A key marketing concept to get your head around is testing.
Testing to improve results has been an accepted marketing practice for a number of years now but it still surprises me the number of businesses that don’t do any kind of testing. There are a number of areas where comparing different responses should be standard operating procedure for your business, regardless of whether you’re a big company looking to consolidate or a small one wanting to grow.
The purpose of testing, A/B or multivariate, is usually championed as a way to increase conversion rates. This could be increased sales, increased leads, clicks or engagement. The benefit is that the same amount of traffic or views yields a better result. Who doesn’t want that?
And while analysts and marketers can geek out on the details of different split-testing results, the real benefit is that testing provides insights into what your prospects or customers react to. It means you can measure ‘real’ responses rather than what people say they want or how you or they think they would react in a given situation.
Focus groups are a traditional way to get qualitative research from potential customers. There is no doubt that they are valuable and continue to provide useful insights. But they are limited.
Participants know that they are being watched and their responses monitored by the company doing the testing. They are also being watched by other participants. Their reactions are close to a live simulation but one of the key reasons they are not the same is because no one is reaching for their wallet to pay. Instead they are being paid for their participation.
The standard mantra in sales and marketing is to find out what people want and give it to them. The challenge is working out exactly what that is because
The best and most often quoted illustration of people not knowing exactly what they wanted is the iPhone. Steve Jobs believed that people wanted a more responsive phone and was determined that his products would be stylus free.
Before the iPhone was launched the Blackberry was ubiquitous, and featured a full QWERTY keyboard. As a result, there probably weren’t many people asking for a touchscreen phone with a keypad built into the display. It wasn’t until Apple created it that people realised that they wanted it.
In fast food circles it’s common to hear that consumers “talk healthy but eat fat”. In focus groups and vox pops people talk about wanting to make a healthier choice when ordering takeaway. But when it comes down to placing the order they will choose the option that they know isn’t as healthy for them, even when there is a healthy option on the menu in front of them.
Another example is the rise of own brand products from supermarkets. People may say they’ll be loyal to the brand they’ve known and used for years but when they are standing in front of olive oil in the supermarket aisle and the home brand version is $3 cheaper and they need 2 bottles (a potential saving of $6), then the choice is going to be home brand most times, despite their proclaimed loyalty. And this decision is played out across the majority of items they need to buy because it can add up to a big price differential.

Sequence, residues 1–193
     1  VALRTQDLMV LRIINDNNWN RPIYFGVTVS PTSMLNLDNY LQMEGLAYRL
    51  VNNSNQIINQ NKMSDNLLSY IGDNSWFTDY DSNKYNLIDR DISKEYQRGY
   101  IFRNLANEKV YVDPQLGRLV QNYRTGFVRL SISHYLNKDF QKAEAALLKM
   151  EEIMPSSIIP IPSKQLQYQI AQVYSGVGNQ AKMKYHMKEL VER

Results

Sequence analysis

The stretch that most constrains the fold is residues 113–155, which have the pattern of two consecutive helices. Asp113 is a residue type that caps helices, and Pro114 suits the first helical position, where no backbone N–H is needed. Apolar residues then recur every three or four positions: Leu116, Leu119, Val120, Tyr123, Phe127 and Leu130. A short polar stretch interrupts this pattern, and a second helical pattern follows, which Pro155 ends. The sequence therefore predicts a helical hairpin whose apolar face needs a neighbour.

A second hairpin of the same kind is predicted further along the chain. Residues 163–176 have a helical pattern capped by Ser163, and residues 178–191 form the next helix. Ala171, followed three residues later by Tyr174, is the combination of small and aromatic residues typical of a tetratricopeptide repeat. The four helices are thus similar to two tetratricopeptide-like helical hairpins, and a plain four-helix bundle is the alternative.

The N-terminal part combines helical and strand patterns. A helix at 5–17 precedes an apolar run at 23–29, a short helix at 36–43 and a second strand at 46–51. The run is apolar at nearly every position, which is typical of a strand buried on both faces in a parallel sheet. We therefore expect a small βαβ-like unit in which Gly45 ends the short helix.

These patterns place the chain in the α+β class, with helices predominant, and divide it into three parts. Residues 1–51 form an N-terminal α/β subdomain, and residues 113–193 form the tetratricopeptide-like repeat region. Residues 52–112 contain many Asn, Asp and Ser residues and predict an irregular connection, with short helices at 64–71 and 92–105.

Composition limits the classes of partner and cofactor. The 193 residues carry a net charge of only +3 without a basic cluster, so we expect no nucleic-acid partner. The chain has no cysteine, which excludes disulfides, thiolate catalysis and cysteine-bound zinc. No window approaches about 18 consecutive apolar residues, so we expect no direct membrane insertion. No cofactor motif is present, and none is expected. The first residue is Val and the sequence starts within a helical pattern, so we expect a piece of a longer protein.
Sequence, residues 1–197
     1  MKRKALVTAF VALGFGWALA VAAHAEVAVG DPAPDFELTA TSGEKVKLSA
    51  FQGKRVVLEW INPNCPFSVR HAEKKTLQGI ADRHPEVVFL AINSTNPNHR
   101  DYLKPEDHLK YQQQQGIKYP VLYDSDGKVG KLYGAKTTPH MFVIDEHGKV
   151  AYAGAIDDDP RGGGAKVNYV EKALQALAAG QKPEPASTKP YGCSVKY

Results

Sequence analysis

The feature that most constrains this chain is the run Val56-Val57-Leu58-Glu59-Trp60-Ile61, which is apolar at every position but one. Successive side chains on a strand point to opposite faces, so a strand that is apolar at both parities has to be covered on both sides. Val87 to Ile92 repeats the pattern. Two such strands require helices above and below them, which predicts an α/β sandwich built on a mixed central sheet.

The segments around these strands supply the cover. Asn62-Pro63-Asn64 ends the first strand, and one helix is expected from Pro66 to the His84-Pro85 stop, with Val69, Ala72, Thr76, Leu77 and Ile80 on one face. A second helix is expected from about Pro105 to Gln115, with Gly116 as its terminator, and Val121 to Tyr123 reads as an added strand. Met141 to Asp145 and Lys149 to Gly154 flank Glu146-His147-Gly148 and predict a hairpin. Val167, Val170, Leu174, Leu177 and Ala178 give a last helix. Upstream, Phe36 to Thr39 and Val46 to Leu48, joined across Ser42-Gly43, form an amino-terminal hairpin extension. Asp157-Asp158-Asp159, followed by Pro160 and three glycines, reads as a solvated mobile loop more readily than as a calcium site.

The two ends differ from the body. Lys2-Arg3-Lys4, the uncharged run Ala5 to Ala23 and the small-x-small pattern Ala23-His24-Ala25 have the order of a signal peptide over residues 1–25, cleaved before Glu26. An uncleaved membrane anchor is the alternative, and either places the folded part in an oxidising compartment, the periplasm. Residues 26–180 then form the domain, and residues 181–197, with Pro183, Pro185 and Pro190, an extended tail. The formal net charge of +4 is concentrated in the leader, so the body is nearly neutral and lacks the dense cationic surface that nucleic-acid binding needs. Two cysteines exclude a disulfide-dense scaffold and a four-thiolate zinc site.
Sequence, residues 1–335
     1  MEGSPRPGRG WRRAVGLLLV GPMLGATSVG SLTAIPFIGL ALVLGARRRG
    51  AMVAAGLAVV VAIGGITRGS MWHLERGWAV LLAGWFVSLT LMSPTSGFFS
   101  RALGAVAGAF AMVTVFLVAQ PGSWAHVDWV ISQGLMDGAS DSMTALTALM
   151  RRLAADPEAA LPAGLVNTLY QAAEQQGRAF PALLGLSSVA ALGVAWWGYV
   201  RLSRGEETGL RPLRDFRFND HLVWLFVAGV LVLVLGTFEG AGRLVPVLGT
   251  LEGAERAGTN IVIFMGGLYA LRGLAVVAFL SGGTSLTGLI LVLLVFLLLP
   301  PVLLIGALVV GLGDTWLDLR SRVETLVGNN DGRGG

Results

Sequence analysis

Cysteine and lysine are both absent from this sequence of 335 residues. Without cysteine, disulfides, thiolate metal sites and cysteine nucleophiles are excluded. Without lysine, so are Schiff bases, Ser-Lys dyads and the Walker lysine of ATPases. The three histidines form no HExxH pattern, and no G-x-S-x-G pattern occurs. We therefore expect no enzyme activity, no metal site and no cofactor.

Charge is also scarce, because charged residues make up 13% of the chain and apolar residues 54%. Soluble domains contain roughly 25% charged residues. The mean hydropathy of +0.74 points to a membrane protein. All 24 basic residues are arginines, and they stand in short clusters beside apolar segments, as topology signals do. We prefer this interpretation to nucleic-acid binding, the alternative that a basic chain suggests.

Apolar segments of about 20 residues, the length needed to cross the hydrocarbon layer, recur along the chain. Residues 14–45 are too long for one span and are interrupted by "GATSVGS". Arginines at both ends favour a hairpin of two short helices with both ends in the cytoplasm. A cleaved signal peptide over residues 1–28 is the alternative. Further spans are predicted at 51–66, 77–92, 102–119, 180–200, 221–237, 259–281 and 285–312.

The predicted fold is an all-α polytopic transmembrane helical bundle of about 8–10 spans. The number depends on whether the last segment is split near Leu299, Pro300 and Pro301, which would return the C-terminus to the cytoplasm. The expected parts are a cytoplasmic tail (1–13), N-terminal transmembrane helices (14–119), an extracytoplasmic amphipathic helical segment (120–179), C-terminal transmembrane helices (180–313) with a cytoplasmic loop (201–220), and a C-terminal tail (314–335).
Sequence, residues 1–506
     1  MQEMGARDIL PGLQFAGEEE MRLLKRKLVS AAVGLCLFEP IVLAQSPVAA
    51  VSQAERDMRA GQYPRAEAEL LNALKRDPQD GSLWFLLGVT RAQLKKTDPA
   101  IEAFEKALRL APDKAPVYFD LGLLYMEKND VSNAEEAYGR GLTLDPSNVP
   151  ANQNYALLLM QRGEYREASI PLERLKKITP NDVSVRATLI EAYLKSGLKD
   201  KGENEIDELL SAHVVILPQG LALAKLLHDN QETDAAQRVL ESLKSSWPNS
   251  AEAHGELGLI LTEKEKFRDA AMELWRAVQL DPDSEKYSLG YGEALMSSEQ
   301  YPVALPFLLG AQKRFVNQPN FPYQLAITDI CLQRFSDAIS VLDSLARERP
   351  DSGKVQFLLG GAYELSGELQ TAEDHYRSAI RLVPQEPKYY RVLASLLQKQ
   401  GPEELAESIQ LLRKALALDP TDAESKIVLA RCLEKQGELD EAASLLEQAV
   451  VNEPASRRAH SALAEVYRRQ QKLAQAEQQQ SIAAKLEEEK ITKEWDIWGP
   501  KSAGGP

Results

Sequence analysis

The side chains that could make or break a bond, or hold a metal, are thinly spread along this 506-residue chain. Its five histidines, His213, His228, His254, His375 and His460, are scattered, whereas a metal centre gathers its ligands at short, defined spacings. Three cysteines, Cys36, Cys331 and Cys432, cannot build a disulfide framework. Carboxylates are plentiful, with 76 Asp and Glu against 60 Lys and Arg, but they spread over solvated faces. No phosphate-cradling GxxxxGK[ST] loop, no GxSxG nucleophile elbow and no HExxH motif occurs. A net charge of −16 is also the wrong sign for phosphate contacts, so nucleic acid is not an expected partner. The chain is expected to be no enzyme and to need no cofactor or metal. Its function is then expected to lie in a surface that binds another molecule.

Without data from running tests, you’re guessing. And while educated guesses can get you a fair way, it isn’t as conclusive as taking a structured approach to determining what works and what doesn’t.
The other aspect is that people are surprising. They don’t always act or react in ways that you expect. Testing allows for that element of surprise and stops you from operating in your own self-referencing bubble.
The insights from testing can be used to create new products and to structure your site in a way that is more appealing to your target audience. And while a lot of the comparison of responses is easiest done online, the results can be used to improve offline marketing as well. For example, a headline that gets a better result for an online ad can also be used in a printed publication.
Another way testing can help is in determining how much copy is needed to trigger a response. Perhaps your target market is busy and responds better to a page that is mostly images and headlines compared to a page with several paragraphs of text.
Or maybe your research indicates the opposite. If that was the case then a printed brochure would need to include plenty of explanatory text or perhaps a booklet is needed to educate your prospects before they are ready to buy.
There are a number of different elements that you can test. The ones you could include in your experimenting are:
Things to test are:
Elements to test are:
If you haven’t done any testing before and looking through the above list makes you feel overwhelmed then take a breath and zero in on one of the elements listed.
While you’ll want to work your way through each of the different elements, trying to test everything at once is a recipe for disaster and will likely result in you throwing your hands in the air and abandoning it altogether.